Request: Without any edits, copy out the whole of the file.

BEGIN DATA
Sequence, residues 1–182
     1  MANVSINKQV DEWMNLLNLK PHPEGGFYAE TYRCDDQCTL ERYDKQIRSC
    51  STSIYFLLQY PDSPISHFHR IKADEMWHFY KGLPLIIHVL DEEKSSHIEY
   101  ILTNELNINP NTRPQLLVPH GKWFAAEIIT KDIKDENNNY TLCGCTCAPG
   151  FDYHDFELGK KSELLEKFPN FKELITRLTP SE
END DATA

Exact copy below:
Sequence, residues 1–182
     1  MANVSINKQV DEWMNLLNLK PHPEGGFYAE TYRCDDQCTL ERYDKQIRSC
    51  STSIYFLLQY PDSPISHFHR IKADEMWHFY KGLPLIIHVL DEEKSSHIEY
   101  ILTNELNINP NTRPQLLVPH GKWFAAEIIT KDIKDENNNY TLCGCTCAPG
   151  FDYHDFELGK KSELLEKFPN FKELITRLTP SE